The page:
Monday, September 21, 2009

First aid

Need any further evidence that the Senate Health Reform bill is largely a sham and just a slightly reworked corporate welfare plan?

Think Progress' Igor Volsky reports that, "Following Baucus' announcement, HealthNet shares increased by 3%, United Health Group Inc shares rose by 2.7%, Humana Inc. grew by 2.6%, Wellpoint stock gained 1.7% and Aetna Inc rose 1.6%."

From Jason Linkins at the Huffington Post: "Max Baucus was paid handsomely (in campaign contributions) by the health care industry to deliver a health care reform bill that only the health care industry could possibly love. Well, mission accomplished! As Julie Hirschfield Davis reports for the Associated Press today, the Baucus plan 'gives health insurers, drug makers and large employers reasons to heave sighs of relief, sparing them the higher costs and more burdensome rules included in other Democratic-written alternatives.'"

Jason

Socialize the risk, privatize the profits.

Sunday, September 13, 2009

We're Number 37!

From Paul Hipp: "Here is a song celebrating our proud ranking in the World Health Organization's list of world health systems for all the obstructionist hecklers to sing as they continue down the road to total irrelevance."

It's only rock n roll but I like it.



For Paul Hipp info and downloads please click on the links....

www.cdbaby.com/paulhipp

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www.paulhipp.com

E-mail Paul and join the mailing list at: hipptunes@gmail.com

Saturday, September 12, 2009

War Is a Racket

In 1934 there was an attempted coup in the United States that was thwarted largely due to the efforts of U.S. Marine Corps Major General Smedley Butler (ret., now deceased).

Butler was awarded the Medal of Honor twice and the only person to be awarded a Marine Corps Brevet Medal and a Medal of Honor for two different actions.

After it dawned on him how his heroism and the heroism of the troops under his command had been misused, he wrote a pamphlet called "War is a Racket" which has pretty much been expunged from our historical reading lists in school.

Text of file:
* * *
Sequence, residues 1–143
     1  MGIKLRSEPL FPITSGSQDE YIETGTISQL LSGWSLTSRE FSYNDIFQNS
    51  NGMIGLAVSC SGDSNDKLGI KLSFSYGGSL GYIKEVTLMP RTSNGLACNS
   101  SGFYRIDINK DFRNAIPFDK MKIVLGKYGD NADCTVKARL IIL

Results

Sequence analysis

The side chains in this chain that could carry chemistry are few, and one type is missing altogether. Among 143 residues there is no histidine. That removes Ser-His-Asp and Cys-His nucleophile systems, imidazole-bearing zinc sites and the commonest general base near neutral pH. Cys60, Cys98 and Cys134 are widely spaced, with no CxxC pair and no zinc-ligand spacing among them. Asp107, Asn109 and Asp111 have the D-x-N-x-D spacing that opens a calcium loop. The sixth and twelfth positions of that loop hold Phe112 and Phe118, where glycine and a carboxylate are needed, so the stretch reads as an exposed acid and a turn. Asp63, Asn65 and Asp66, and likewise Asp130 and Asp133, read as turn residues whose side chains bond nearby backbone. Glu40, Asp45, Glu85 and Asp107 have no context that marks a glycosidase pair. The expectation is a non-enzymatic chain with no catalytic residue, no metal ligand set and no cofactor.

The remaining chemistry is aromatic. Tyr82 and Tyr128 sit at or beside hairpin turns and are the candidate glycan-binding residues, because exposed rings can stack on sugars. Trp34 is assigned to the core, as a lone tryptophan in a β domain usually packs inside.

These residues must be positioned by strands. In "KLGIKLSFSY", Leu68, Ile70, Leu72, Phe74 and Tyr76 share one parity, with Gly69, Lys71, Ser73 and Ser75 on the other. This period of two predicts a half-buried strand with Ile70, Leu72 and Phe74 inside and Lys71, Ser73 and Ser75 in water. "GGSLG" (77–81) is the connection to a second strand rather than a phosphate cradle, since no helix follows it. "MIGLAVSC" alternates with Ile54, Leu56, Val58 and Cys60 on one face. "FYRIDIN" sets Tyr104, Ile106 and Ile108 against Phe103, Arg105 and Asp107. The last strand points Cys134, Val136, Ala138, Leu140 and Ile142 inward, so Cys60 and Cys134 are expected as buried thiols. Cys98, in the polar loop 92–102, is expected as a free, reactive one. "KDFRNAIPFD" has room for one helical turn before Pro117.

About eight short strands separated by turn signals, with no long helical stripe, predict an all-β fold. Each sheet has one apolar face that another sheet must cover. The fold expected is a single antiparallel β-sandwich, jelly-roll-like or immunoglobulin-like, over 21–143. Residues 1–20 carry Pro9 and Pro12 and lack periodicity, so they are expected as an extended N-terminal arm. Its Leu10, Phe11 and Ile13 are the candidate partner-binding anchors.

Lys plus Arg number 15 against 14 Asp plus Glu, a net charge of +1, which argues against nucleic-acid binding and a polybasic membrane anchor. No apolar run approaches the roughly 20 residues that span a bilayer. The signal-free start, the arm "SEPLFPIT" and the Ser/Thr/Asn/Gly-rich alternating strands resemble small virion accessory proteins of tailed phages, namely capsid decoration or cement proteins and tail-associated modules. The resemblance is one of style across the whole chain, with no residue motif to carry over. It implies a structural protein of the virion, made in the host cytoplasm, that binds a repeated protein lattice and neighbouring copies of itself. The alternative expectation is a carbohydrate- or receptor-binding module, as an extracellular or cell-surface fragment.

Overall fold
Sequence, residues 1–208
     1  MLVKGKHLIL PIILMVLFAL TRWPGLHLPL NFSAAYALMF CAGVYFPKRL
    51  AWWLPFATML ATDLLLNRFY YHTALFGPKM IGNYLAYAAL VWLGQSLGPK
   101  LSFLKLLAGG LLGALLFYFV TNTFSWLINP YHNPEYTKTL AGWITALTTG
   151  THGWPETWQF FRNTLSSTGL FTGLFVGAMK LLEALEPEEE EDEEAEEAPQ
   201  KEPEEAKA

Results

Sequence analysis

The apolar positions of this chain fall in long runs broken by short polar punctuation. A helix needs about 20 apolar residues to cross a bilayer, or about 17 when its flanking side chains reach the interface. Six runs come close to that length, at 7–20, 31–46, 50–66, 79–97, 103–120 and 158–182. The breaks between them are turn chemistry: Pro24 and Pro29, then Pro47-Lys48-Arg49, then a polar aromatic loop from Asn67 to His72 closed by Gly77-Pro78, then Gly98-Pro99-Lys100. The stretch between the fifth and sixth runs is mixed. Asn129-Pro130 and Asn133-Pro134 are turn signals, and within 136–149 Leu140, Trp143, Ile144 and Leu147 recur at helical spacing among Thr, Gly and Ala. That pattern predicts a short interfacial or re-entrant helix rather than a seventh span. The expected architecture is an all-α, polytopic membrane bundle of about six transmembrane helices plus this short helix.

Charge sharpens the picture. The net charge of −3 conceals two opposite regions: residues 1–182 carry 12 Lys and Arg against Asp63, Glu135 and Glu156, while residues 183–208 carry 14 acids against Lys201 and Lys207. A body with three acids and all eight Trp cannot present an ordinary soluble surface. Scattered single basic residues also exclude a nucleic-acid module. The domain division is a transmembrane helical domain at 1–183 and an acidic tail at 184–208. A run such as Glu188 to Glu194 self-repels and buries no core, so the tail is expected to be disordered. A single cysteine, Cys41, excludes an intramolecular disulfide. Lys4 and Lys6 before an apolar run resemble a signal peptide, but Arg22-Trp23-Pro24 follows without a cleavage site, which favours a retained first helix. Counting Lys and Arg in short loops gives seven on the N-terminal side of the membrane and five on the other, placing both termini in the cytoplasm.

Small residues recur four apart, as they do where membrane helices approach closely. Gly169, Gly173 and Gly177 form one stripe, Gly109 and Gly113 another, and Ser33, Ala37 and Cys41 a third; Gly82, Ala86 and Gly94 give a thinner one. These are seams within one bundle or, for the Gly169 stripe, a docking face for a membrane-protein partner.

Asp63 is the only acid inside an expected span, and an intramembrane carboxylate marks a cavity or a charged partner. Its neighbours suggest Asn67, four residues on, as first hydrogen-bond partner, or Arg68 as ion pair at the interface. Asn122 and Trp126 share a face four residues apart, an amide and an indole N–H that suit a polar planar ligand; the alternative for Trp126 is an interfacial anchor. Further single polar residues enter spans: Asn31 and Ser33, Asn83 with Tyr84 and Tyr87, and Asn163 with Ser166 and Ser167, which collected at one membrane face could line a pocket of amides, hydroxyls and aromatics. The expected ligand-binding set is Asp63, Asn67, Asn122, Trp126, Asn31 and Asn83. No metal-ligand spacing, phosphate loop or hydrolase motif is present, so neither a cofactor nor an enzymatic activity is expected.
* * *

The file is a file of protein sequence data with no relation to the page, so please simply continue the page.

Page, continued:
In the following video, an actor recreates the speech that Butler gave to many different audiences during the 1930s.

"War is a racket. It always has been. It is possibly the oldest, easily the most profitable, surely the most vicious. It is the only one international in scope. It is the only one in which the profits are reckoned in dollars and the losses in lives. A racket is best described, I believe, as something that is not what it seems to the majority of the people. Only a small 'inside' group knows what it is about. It is conducted for the benefit of the very few, at the expense of the very many. Out of war a few people make huge fortunes."

Thursday, September 10, 2009

Republican Asshole of the Month

And the winner is ...
Rep. Joe Wilson, R-South Carolina.

(Normally these awards are annual, but there's just so many deserving candidates!)

Wednesday, September 09, 2009

In Search of Steve Ditko

I realize that this goes against the usual grain of Muttering Jam (i.e., it ain't political), but it IS cultural. Artist Steve Ditko was as much (if not more) a creator of the iconic modern comic book hero Spider-Man as Stan Lee, but abruptly departed the comic at the first zenith of its success, and has eschewed his rightful share of the megamillions that the franchise has raked in since. Now in his 80's, the reclusive artist singularly pursues his own vision, heavily influenced by the philosophy of Ann Rand (oy!). Join BBC commentator and comic fan boy Jonathan Ross as he, in turn, pursues the artist. If you are not an enthusiast of "sequential art," you may want to watch anyway, if only to glean why those of us who are, are.

Part 1


Part 2


Part 3


Part 4


Part 5


Part 6


Part 7

Monday, September 07, 2009

Another one bites the dust

Those of you who read this blog with any degree of modest regularity know that I am a big Van Jones fan.

I was ecstatic when he was appointed to be the "green jobs czar" for the Obama administration, and knowing the man's work ethic, I was confident that his low profile since that appointment was evidence that he was deep into the architecture of policy craft that would at once lead our country to a new energy future and empower the lost generation of inner city youth with a cornucopia of green collar opportunity.